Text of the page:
The new information from this study is that CEU can be used to measure regional cerebral perfusion in real time over a wide range of CBFs. The CEU-derived measurements were validated by use of radiolabeled microspheres. This study also shows the relative contributions of MBV and RBCv in CBF alterations during hypercapnia and hypocapnia. In addition, they also indicate spontaneously occurring alterations in MBV during all stages. Thus, with future technical developments, this technique has the potential to measure changes in CBF, MBV, and RBCv.
Although it is important to know the total volumetric flow to an organ, it is equally important to have a measure of microvascular perfusion. CEU is unique in that it provides 2 measures of microvascular perfusion: MBV and RBCv. CBF may change as a result of alterations in one or both of these parameters. For example, in this study, we found that during the wide range of CBFs induced by hypocapnia and hypercapnia, the change in MBV was almost twice that in RBCv. Intravital microscopic studies have demonstrated that these manipulations can result in significant changes in MBV, whereas most other causes of changes in CBF result predominantly from changes in RBCv.7,8
MBV is composed of blood present in arterioles, venules, and capillaries. As in the heart, the majority of microvessels in the brain are capillaries (≈1000/mm3).9,10 Thus, any changes in MBV reflect changes in either capillary number (recruitment or derecruitment) or capillary diameter. This is particularly true if the larger vessels in the brain (which replenish much faster and can be seen soon after microbubble destruction compared with the capillaries (Figure 2A), which fill later) are excluded from the ROI.
Other noninvasive techniques, such as CT and MRI, measure blood in all the vessels in the brain.11,12 Therefore, they measure total cerebral blood volume (CBV) and not MBV. Total CBV can change without any alterations in MBV. Microbubbles also have a microvascular rheology similar to that of red blood cells and remain entirely within the vascular space.13 Thus, they reflect blood volume more accurately than CT and MRI contrast agents, which extravasate into the interstitial space.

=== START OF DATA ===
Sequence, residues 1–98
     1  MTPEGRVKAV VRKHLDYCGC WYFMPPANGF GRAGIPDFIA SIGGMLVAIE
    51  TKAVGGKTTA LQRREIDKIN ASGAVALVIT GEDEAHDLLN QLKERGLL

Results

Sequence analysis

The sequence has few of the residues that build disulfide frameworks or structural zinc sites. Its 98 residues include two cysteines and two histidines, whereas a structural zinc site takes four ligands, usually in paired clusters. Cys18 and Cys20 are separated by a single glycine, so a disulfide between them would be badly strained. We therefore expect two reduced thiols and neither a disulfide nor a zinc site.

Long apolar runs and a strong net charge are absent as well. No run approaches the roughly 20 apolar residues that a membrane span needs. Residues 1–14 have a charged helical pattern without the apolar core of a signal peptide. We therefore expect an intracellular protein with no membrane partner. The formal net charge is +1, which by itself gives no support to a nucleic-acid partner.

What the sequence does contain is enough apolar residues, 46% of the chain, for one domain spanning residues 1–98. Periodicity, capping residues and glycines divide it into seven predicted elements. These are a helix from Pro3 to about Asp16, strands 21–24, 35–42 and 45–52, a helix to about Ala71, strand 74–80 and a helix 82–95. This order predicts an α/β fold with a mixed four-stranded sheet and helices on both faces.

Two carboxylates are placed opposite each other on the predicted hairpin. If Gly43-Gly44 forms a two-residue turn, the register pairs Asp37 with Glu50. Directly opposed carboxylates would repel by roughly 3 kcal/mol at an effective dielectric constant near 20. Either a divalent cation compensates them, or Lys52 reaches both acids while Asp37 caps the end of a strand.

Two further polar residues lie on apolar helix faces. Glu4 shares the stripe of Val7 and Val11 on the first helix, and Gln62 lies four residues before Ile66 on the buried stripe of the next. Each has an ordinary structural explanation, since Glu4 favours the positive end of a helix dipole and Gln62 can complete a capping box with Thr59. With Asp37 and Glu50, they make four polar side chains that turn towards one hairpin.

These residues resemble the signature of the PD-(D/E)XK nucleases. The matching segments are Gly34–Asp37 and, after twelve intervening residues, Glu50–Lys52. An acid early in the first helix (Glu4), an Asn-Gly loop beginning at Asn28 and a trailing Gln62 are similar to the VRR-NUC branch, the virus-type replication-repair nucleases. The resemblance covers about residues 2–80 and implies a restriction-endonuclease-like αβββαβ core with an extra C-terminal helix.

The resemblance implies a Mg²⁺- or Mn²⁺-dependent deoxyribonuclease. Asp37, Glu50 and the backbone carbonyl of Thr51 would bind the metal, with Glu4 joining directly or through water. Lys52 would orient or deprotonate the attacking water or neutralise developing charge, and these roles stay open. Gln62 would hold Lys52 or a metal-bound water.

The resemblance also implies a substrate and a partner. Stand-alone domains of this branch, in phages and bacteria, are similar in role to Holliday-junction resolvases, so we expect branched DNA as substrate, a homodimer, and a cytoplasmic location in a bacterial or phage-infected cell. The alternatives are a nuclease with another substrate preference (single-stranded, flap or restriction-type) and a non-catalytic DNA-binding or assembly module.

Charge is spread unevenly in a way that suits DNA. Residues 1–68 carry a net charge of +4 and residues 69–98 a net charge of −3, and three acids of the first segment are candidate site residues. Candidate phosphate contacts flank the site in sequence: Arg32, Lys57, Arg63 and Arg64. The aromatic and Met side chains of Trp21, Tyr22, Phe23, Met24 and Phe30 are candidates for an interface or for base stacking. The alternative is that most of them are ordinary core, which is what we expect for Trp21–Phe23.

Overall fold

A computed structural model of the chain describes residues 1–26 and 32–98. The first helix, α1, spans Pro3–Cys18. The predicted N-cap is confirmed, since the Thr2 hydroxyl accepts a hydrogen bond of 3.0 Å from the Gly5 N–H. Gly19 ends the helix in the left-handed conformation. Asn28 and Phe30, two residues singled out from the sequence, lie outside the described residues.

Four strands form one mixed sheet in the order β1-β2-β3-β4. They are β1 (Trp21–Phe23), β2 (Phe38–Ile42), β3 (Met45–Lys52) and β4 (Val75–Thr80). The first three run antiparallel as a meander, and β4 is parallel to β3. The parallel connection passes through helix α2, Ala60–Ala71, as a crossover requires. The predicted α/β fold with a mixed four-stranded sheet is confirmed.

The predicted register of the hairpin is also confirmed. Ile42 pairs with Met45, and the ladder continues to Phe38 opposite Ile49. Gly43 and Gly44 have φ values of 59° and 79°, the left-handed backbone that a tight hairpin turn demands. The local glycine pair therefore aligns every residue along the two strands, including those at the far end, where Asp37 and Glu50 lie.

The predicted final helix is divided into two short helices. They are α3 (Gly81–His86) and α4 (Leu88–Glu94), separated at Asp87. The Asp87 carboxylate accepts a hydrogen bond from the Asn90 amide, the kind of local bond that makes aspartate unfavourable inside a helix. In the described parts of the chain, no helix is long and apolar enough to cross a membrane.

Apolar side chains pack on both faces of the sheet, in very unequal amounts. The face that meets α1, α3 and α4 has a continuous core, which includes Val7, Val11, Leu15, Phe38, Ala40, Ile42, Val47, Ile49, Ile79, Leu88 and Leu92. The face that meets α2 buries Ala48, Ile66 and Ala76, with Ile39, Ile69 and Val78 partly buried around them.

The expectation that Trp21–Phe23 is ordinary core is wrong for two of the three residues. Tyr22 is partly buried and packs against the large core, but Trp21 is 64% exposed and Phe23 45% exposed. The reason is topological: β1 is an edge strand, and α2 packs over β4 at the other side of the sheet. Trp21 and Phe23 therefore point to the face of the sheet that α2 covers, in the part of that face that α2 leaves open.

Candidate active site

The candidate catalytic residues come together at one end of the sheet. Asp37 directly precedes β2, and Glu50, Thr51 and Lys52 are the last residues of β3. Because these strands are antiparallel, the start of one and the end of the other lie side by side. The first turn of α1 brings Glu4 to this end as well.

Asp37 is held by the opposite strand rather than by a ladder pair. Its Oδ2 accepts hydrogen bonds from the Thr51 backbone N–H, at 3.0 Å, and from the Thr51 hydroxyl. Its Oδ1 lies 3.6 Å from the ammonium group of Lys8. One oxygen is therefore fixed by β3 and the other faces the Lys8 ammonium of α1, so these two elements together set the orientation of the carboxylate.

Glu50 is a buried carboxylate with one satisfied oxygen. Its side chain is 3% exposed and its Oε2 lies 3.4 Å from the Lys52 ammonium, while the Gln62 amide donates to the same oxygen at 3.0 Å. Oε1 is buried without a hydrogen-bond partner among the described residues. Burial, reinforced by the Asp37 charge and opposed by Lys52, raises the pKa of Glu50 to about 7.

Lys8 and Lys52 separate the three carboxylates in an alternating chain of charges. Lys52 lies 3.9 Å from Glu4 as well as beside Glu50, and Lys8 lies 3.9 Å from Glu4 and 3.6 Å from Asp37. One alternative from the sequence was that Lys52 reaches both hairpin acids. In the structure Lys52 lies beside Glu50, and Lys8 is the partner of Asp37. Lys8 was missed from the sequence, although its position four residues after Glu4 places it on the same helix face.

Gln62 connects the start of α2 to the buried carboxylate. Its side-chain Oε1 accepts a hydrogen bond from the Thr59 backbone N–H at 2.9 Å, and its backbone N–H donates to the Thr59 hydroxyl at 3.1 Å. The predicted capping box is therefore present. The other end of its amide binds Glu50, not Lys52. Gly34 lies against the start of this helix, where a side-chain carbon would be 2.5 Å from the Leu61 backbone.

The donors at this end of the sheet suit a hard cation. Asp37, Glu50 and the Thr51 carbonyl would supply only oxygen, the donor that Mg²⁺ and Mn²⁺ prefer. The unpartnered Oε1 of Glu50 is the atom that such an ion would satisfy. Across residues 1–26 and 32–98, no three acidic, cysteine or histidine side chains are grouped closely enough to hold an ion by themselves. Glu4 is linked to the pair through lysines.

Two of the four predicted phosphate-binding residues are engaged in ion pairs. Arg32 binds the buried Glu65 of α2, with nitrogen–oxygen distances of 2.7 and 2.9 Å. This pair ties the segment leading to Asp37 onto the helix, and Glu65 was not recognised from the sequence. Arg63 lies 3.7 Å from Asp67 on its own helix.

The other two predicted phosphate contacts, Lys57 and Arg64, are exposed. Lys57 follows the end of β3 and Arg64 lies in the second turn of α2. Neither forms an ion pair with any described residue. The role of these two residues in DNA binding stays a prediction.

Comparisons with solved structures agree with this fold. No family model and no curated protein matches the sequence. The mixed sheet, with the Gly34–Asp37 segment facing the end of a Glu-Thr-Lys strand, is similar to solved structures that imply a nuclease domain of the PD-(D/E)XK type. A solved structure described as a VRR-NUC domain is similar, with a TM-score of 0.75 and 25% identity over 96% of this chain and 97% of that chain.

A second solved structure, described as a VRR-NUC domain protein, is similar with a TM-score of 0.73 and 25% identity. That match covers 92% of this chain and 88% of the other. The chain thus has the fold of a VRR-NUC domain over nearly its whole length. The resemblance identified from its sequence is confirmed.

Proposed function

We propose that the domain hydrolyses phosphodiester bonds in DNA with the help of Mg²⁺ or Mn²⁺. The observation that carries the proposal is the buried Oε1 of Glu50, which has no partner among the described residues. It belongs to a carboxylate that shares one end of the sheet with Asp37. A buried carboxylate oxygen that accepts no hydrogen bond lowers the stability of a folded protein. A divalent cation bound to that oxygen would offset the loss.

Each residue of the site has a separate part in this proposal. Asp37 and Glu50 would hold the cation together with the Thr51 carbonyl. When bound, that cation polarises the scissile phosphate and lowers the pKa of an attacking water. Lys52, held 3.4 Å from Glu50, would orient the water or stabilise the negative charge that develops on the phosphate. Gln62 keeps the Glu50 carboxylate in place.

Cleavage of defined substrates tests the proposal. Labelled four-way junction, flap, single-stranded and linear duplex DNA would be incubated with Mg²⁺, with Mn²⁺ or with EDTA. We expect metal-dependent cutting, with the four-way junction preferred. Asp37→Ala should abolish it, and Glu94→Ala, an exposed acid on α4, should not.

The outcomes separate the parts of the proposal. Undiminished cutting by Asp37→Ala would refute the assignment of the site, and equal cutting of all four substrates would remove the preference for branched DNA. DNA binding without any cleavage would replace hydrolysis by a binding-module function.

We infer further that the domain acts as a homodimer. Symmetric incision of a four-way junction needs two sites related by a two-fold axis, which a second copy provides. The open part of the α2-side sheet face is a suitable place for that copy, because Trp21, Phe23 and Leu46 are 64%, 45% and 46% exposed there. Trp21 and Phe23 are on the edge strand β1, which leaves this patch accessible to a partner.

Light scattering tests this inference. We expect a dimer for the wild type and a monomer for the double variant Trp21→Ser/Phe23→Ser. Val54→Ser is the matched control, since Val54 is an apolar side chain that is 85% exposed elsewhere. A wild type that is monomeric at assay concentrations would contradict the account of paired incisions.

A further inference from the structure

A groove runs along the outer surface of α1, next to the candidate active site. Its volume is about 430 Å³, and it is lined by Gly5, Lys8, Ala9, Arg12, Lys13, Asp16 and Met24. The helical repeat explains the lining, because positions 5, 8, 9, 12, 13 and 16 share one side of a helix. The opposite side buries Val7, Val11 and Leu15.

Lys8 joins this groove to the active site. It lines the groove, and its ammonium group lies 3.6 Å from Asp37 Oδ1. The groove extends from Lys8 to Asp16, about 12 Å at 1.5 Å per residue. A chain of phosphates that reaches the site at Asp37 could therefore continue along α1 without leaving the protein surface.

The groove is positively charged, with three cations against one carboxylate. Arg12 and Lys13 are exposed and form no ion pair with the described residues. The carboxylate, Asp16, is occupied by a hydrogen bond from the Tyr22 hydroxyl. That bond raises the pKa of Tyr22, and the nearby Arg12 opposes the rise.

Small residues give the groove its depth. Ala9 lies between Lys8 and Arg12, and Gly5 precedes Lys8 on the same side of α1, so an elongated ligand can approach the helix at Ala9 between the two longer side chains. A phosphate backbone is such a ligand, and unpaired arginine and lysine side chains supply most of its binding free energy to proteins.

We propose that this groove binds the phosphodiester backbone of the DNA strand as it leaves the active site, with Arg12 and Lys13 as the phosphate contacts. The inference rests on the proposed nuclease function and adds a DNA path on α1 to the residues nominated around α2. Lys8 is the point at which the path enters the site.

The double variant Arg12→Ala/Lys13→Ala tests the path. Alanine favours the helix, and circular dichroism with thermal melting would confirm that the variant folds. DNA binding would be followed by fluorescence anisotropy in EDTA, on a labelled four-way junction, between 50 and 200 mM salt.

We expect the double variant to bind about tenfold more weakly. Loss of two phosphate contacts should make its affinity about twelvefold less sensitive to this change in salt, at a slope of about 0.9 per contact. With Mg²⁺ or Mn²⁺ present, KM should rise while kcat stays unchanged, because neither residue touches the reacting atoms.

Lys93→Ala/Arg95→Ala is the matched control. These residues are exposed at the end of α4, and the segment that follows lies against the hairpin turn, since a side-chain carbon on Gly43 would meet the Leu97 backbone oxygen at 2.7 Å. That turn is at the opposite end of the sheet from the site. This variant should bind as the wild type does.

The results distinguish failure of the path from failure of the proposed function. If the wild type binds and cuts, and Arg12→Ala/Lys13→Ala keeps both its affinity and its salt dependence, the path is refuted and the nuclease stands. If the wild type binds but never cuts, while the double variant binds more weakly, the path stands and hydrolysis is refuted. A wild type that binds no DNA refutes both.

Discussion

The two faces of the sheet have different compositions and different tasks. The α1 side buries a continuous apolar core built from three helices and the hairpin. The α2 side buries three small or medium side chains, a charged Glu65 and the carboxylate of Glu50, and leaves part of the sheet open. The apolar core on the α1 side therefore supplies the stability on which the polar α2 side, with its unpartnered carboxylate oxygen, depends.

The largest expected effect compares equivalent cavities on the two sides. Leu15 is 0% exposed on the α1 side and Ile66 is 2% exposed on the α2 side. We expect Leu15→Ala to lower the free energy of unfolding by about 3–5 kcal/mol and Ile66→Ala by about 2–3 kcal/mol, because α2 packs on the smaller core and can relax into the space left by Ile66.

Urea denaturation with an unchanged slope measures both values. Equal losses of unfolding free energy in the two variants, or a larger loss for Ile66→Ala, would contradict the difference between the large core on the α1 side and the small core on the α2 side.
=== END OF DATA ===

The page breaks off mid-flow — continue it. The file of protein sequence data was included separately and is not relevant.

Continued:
CBF calculations with CT and MRI are performed by measuring the transit time of a tracer through the brain.12,14,15 This transit time is influenced by the total CBV. Thus, even if ROIs are placed over a specific location, this calculation provides as much an estimate of total organ flow as regional flow, especially if the macrovascular compartment is as large as or larger than the microvascular compartment. CEU, conversely, provides an accurate estimation of microvascular RBCv and MBV. Microvascular RBCv and MBV may behave differently from global CBF and CBV under different physiological and pathological conditions.2 There is evidence that cerebral microvascular flow heterogeneities may become smaller or greater under different conditions, despite there being no change in total CBF.16 Thus, microvascular tracer kinetics may provide earlier evidence of regional perfusion abnormalities than global tracer kinetics.
An interesting observation was the spontaneously occurring fluctuations in MBV that were not related to either the respiratory or cardiac cycles. Intravital microscopic studies have shown that capillary perfusion of the brain is heterogeneous and that this heterogeneity is both spatial and temporal.8,17 Furthermore, this heterogeneity is associated with changes in capillary volume rather than RBCv. Our results indicate that the real-time and high-resolution attributes of CEU can assist in measuring these changes, which may contain physiological and pathological information. Other techniques, such as MRI and CT, are unlikely to measure these changes, because they are probably not seen when total CBV is measured.